Numerals can't define people, but 3 and 58 go a long way in describing Bloomington resident Kim John Crumb. The 58 refers to the number of road racing championships he's won. But the 3 is more important, he says, because it represents the passions shaping his life - music, racing and cars (counted as one), and education. A race driver who says he's never wrecked a car, Crumb is currently combining racing, cars and education to help our troops have fun learning about safe driving.
Raised on a southern Minnesota farm that's been in his family for 130 years, Crumb earned a degree at the University of Minnesota before pursuing passion one by opening an audio store. A meeting with Bobby Rahal and sponsorship of a race at Brainerd International Raceway (BIR) reawakened passion two and he decided to try racing. When he learned that this area's Nord Stern Porsche club sponsored races, he bought a Porsche, got some driving school instruction and started racing - and winning. His first championship, in 1984, was the National Porsche Parade, which he's now won 11 times.
Crumb says he "wanted to find out how good I could be at racing," so, at 32, he "threw his hat over the fence," sold his store and made racing his profession. Once he got a sponsor (he's had all the major tiremakers as sponsors; currently it's Pirelli), championships followed. Local clubs (Nord Stern, Land O Lakes Sports Car Club of America chapter, Corvettes of Minnesota, etc.) awarded more than 20; another 11 are Florida sprint kart titles.
From 1995 to 2000, his minimum annual championship number was five and he once won nine. National titles included wins in BMW, Mercedes-Benz and Porsche series, and the overall title at the 1995 Virginia City Hill Climb, where he raced a harrowing course between a cliff and a wall. Among the records he still holds is the fastest lap at BIR in a genuine street car with street tires (1:46.67).
Crumb says his full-time racing life - he still does a few events each year - wasn't exactly the jet-setting glamour life. He cut corners to make money. He drove race cars to about 50 annual events, for example, sometimes cross-country. He might arrive, put on race tires, compete in the race, replace the street tires and drive home or to another race. "You do events your sponsor wants you to do," he explains. "The company's goals are your goals. It's like most jobs - creating good results at a cost that makes sense."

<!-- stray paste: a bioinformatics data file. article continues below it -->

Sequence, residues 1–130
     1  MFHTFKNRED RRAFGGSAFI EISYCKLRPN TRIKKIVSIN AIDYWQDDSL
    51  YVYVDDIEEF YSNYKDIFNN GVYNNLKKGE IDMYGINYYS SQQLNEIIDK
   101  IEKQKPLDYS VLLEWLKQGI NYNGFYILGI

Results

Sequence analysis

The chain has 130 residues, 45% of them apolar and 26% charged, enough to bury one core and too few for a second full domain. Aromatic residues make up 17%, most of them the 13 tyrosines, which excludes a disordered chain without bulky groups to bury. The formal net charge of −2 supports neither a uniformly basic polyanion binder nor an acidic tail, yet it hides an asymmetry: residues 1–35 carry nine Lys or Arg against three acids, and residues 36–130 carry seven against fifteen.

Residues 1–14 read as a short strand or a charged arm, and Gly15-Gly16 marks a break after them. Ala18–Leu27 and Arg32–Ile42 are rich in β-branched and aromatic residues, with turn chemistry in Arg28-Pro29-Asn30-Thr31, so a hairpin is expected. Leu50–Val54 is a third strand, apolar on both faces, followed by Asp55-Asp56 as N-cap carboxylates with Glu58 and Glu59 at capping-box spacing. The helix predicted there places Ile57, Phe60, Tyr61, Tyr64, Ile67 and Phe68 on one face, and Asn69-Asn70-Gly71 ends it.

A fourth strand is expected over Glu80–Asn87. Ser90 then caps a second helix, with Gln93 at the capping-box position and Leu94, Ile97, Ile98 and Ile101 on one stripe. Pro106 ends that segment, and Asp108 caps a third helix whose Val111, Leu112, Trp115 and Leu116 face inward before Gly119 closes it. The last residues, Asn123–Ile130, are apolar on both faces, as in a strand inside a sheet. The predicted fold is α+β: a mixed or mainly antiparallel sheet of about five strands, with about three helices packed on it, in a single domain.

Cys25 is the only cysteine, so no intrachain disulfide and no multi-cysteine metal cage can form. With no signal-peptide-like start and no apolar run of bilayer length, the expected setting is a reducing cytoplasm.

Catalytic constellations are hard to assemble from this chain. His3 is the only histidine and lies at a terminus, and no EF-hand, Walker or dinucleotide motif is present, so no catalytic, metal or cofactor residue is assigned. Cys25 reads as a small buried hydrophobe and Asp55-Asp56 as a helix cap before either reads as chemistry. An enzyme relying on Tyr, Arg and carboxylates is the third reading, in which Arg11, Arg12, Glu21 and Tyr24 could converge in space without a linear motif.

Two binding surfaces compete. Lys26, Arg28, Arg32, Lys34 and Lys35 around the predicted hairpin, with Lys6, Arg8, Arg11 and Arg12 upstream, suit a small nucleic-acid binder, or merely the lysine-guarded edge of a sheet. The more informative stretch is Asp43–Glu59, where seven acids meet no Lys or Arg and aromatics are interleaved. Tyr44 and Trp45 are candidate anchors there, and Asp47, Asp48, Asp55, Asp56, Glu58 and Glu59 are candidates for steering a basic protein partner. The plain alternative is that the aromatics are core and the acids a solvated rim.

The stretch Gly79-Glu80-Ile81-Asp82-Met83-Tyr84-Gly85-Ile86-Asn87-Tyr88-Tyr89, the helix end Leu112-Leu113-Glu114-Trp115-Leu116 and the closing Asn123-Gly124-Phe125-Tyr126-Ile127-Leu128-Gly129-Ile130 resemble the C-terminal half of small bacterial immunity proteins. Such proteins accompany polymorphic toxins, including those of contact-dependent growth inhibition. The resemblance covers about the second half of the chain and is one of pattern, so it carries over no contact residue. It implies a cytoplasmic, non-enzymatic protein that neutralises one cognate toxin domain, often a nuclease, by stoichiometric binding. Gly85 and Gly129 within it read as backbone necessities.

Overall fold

That meant forgoing races like the 24 Hours of Daytona, but he had compensations. He drove great natural-terrain road courses like Watkins Glen and Road Atlanta. A Michelin official created a "Kim Wall" at company headquarters, consisting of photos of the cars Crumb raced for that sponsor. He also says he raced enough "to see how good I could be, winning consistently with cars other people couldn't win with."
He's now avidly pursuing passion three, education. His goal is to "build champions off track" at seminars and volunteers for the Operation Wheels of Freedom Foundation (OWOF), which he helped found after receiving a 2004 e-mail from an Army Reserve captain requesting that he bring his Porsche 928 to a base. With help from "car guy" friends and cars donated by GM, Chrysler and Ford, OWOF sent experienced drivers to four U.S. bases, where they showed service men and women how to drive high-performance cars safely.
Twenty-five bases now want the program. Whenever Crumb thinks he's spending too much time on the project, he remembers the Marine Corps citation he received praising his efforts for soldiers - including the 47-year-old captain (now major) who's back in Iraq - who sacrifice so much.
As for his future, Crumb says he'll "follow my passions all out. It's just my nature."